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Non-revenue water

Barriers to successful NRW reduction

Why water utilities resist reducing Non-Revenue Water instead of reaping the benefits

NRW is a challenge most water utilities understand excellently, but only a few are successful in reducing it. Much of the failure is due to an  underestimation of the technical difficulties and the  complexity of NRW management, along with a lack of understanding of the potential benefits of taking action. Reducing NRW is not a project, it is a continuous process.

Reducing NRW should have highest priority for every water utility, however it can seem that there exists a state of inertia in many water utilities despite high NRW levels. Some of the most common reasons for this situation and lack of action might be:

1 Lack of political awareness:

In many places the value of drinking water is taken for granted and as a result lacks both political focus and priority. Drinking water is often priced very cheaply because water prices are subsidised by governments, either directly or indirectly through low energy prices.

2 Inaccurate data:

Having access to reliable data is crucial, as inaccurate meter readings etc. may lead to wrong decisions. In some places, the utility might also face problems with customers tampering with their water meters.

3 Corruption leads to inefficient NRW projects:

Corruption on several levels may result in huge amounts of money being spent on pipe replacement projects with little or no impact on the NRW level.

4 Focus on purchasing price rather than Total Cost of Ownership:

Tenders and purchasing decisions focus solely on the acquisition price of e.g. new equipment rather than looking at the cost of ownership throughout the lifespan of the products. This will often result in poorer solutions and increase the need for replacements relatively quickly.

5 Employee performance appraisals do not support NRW reduction:

Admitting excessive levels of NRW can be embarrassing for water distribution managers and employee performance appraisals might not encourage seeking better accuracy in NRW reporting, which is necessary to improve the water utility’s NRW level.

6 Fear of negative image:

In areas which are suffering from droughts and where the water utility has asked customers to reduce their own water consumption, it may be viewed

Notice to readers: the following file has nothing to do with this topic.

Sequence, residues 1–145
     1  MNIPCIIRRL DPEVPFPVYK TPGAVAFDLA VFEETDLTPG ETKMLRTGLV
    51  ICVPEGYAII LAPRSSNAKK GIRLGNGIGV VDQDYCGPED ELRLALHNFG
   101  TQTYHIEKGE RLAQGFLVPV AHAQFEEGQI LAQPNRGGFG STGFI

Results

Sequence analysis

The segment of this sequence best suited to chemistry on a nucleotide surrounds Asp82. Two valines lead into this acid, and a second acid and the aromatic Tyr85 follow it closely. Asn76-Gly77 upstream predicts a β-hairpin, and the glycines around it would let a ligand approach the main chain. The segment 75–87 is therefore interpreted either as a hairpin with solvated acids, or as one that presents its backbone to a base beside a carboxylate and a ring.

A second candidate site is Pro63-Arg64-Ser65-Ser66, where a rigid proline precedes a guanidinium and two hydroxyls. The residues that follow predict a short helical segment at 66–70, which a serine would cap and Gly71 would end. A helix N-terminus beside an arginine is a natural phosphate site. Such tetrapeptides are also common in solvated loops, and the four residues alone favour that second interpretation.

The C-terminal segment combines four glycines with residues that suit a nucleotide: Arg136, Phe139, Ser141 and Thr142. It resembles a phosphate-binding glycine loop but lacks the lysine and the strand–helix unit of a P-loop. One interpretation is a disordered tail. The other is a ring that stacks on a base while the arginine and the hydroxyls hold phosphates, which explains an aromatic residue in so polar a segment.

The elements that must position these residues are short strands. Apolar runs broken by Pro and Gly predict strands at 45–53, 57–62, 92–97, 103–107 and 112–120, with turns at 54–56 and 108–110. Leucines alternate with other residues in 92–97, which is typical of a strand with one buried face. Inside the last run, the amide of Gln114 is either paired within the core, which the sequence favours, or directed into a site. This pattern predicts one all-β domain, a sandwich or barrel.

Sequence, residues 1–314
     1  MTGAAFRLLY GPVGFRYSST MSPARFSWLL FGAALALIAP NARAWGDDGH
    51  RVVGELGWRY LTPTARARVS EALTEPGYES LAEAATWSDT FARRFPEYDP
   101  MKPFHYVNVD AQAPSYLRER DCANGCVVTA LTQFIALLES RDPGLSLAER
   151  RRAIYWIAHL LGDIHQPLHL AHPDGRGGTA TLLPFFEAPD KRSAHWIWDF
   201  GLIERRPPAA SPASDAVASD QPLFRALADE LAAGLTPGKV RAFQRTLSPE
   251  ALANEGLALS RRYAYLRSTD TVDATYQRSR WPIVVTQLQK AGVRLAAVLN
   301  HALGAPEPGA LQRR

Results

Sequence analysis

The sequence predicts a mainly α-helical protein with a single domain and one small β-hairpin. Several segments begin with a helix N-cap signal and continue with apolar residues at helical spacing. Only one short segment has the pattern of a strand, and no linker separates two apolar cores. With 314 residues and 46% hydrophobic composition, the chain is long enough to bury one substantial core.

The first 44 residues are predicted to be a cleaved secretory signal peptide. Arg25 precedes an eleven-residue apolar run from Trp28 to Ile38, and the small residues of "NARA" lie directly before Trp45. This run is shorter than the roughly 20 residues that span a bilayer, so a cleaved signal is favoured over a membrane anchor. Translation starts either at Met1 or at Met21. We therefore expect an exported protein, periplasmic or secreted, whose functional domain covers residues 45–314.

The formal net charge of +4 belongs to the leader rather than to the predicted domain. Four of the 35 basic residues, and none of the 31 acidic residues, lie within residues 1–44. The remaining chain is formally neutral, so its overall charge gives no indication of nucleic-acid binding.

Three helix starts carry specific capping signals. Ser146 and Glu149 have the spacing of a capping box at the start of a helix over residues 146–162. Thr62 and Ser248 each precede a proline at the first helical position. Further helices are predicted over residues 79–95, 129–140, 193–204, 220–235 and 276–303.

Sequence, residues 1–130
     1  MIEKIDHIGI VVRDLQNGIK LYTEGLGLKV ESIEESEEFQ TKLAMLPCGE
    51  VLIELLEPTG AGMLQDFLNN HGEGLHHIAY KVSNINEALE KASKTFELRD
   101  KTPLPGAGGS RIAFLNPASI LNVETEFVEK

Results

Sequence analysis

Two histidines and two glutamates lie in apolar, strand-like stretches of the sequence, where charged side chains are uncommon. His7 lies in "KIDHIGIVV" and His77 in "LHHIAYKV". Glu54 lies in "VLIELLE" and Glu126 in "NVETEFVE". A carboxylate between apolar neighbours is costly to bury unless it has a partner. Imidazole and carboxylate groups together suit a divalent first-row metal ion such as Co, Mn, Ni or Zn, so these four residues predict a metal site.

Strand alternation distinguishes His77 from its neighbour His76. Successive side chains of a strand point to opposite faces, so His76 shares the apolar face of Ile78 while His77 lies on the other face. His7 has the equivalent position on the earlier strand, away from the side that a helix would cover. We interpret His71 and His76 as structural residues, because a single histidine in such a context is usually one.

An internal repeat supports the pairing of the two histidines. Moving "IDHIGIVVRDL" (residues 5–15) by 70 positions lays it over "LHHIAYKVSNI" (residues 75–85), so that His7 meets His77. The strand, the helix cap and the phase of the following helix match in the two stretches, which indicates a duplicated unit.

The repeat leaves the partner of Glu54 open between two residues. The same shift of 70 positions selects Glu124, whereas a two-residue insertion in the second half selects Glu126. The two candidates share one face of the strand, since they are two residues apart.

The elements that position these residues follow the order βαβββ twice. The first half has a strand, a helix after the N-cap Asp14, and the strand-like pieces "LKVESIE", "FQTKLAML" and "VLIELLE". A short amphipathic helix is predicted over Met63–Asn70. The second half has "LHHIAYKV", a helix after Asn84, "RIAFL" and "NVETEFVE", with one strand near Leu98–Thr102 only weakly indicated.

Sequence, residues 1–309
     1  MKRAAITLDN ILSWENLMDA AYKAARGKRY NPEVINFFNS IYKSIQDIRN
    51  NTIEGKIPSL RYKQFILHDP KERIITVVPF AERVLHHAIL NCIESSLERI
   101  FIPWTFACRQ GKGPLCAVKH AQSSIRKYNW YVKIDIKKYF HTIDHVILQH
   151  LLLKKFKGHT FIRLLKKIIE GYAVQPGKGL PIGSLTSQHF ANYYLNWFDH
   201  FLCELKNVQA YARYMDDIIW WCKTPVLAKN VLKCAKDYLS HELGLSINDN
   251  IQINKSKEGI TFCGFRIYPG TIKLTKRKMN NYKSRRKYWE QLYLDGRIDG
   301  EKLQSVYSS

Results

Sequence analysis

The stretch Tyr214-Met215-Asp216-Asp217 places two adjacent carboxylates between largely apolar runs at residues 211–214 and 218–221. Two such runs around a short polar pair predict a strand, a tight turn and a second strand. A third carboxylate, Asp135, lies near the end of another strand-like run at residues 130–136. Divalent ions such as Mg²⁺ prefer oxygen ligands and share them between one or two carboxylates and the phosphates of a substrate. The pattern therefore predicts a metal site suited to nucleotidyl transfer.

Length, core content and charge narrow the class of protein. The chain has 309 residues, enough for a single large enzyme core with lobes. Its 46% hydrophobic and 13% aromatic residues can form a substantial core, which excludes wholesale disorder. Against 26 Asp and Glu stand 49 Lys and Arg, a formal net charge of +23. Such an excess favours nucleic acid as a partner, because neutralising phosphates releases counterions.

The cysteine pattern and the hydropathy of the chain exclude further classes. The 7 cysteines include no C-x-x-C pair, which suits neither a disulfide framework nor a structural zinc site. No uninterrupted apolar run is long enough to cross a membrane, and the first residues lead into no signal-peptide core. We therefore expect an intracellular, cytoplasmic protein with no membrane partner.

as problematic to admit to excessive leakage problems.

7 NRW is not connected to overall sustainability goals:

There is often little perceived connection between NRW management and the utility’s overall sustainability or climate change goals. Reaping the benefits of reducing NRW There are many benefits to be reaped from adopting and successfully implementing a NRW reduction programme. Reducing urban water loss can delay the need for additional water resources in cities with a growing population, as up to 30 per cent more inhabitants  an potentially be served from an existing resource by making distribution systems more efficient. Any investments in the utility’s water supply,  including new intake and treatment plants, should therefore be considered as opportunities to reduce NRW down to the ELL.

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Considerable energy savings

If 25 – 50 per cent of the water produced is lost through leakages and never reaches end customers, it also means that the energy used to treat and distribute the water is wasted. It is possible to realise considerable energy savings, as a typical NRW reduction programme also ensures more stable water pressure throughout the system, which in turn increases energy efficiency even further.

Higher revenues

It is estimated that the apparent loss caused by inaccurate metering and data handling errors etc. typically makes up 25–75 per cent of the total NRW. A high NRW can therefore  seriously affect the financial viability of water utilities as a result of lost revenues. The costs savings and increased revenues gained from reducing NRW through efficient management can therefore be transformed into larger working funds for the utility, securing its future  efficiency and development for the benefit of the entire region.

Sustainable change requires broad stakeholder engagement

Overcoming barriers to reducing NRW requires attention and involvement from many different stakeholders – from politicians to local customers. This will be described further in the next chapter.

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